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The Frozen Landscape Feels Like My Weary Soul...

Each day I drive past this stream insulated by the winter landscape. It leaves me contemplative and thoughtful. When I say it is glorious, I mean, it is glorious. I can't help but stop and take notice of this beauty in a season that appears lifeless. Growth is happening below the surface; every year we are trusting this to be true.

Seeds are frozen, paused...waiting...but every so often a-flutter with movement no one can see.

Maybe you feel frozen in a season of gray clouds, iron-cold fields, and dry, brittle stalks. Colorless. Maybe you are just making it. Do you fear that how you feel now is how you will always feel?

Chronic fatigue. Purposeless. Lonely. Stuck. Heartbroken.

If you don't feel this way, I am certain someone you know does.

One of my favorite artists whose best work was inspired by the muted colors across the landscape of winter in Chester County, Pennsylvania said it this way:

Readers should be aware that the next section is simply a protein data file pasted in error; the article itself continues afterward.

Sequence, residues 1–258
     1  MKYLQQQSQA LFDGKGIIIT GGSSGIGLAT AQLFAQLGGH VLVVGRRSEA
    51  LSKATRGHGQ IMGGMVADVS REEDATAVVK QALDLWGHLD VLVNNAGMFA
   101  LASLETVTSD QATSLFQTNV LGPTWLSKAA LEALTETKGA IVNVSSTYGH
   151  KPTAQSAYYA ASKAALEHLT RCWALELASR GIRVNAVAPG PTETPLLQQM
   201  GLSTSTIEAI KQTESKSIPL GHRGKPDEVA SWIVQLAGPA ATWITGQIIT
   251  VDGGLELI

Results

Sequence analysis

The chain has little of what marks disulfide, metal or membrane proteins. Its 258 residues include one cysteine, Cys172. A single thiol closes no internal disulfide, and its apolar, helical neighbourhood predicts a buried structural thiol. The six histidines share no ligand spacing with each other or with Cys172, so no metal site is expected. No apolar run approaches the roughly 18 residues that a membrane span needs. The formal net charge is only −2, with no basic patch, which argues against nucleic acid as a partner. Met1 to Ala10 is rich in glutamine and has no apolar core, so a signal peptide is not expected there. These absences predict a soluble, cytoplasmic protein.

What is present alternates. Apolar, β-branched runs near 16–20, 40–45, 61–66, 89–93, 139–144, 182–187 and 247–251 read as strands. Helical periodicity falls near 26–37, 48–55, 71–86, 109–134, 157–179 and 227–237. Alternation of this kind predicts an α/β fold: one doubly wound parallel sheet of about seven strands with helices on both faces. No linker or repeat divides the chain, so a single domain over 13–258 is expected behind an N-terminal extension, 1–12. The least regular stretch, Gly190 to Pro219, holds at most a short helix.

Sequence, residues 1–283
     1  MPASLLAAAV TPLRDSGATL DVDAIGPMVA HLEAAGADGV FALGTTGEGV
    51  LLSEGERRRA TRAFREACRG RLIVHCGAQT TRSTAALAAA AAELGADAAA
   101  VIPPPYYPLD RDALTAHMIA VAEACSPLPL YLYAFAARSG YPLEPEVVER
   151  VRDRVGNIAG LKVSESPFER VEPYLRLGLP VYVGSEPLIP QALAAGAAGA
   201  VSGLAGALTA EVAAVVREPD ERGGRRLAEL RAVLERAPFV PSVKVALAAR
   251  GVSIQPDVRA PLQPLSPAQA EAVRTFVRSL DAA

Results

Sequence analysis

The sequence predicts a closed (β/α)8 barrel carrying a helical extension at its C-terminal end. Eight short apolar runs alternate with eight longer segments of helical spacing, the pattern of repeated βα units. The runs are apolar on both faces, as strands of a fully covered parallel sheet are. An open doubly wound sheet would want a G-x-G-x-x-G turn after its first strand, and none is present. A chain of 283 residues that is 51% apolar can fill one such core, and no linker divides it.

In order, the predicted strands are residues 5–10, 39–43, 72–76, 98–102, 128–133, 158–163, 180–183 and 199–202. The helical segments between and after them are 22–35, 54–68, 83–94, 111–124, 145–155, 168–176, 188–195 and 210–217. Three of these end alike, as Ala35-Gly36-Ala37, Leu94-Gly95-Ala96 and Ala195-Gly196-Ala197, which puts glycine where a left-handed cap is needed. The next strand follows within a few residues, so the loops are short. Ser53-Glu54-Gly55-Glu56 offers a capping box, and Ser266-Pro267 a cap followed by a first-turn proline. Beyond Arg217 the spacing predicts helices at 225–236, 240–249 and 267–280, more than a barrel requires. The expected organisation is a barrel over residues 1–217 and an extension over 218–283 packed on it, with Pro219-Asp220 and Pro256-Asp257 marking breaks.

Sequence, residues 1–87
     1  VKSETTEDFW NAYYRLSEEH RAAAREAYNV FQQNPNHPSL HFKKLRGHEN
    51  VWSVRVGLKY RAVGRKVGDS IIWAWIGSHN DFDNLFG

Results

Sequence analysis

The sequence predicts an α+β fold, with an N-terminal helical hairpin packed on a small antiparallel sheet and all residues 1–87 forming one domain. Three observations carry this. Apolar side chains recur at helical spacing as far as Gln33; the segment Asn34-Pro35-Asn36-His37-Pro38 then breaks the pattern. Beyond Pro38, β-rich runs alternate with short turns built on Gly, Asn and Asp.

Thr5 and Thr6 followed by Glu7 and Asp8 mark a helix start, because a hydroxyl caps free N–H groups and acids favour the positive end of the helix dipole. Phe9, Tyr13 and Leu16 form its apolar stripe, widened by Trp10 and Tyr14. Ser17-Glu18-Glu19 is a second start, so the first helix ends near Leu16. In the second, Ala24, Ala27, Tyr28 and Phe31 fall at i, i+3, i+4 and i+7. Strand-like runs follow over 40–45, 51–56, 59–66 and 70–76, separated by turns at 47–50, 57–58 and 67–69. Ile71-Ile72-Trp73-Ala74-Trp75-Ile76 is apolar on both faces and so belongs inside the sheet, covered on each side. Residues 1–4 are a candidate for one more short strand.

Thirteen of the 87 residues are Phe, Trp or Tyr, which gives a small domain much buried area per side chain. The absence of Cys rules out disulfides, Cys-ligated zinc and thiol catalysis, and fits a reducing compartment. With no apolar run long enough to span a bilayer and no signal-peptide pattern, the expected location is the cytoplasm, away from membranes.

“I prefer winter and fall, when you can feel the bone structure in the landscape---the loneliness of it---the dead feeling of winter. Something waits beneath it---the whole story doesn't show.” ― Andrew Wyeth

"The whole story doesn't show."

If you need reminding like I do, here it is: The God who created the Heavens and the Earth is a God of new stories, resurrection, and restoration. He makes a way where there is no way. He is a healer of broken hearts and shattered lives. He will NOT acquiesce to evil, giving it the final say. Sorrow will not sing the last song. Our King, with his strong hands, catches the arrows set against us, breaks them in two, and rebuilds our lives with the pieces. Suffering is not our story, wholeness and gratitude is. Though sorrow lasts for a night, joy comes in the morning. Redemption is the path we are on.

The cold of winter will thaw as we hold fast to Jesus's promise, "Behold, I am making all things new..."

I heard an interesting question this week in a podcast: "What is your relationship with uncertainty?" In other words, how do I handle the unknown circumstances I am facing? Can I rest in what I can't fix, eyes wide open for the potential of what will come? Am I able to trust there's growth happening in me, underneath the frozen ground, as a I wait? Isaiah describes it with an appealing image: "...hidden treasures, riches stored in secret places."

I have had you on my heart this week knowing we all face various uncertainties and grief over life not being what hoped, losses we can't imagine enduring, and hopelessness that takes up too much space in our souls. He will come to us in the middle of it all. His mercy is new every morning, my friends.

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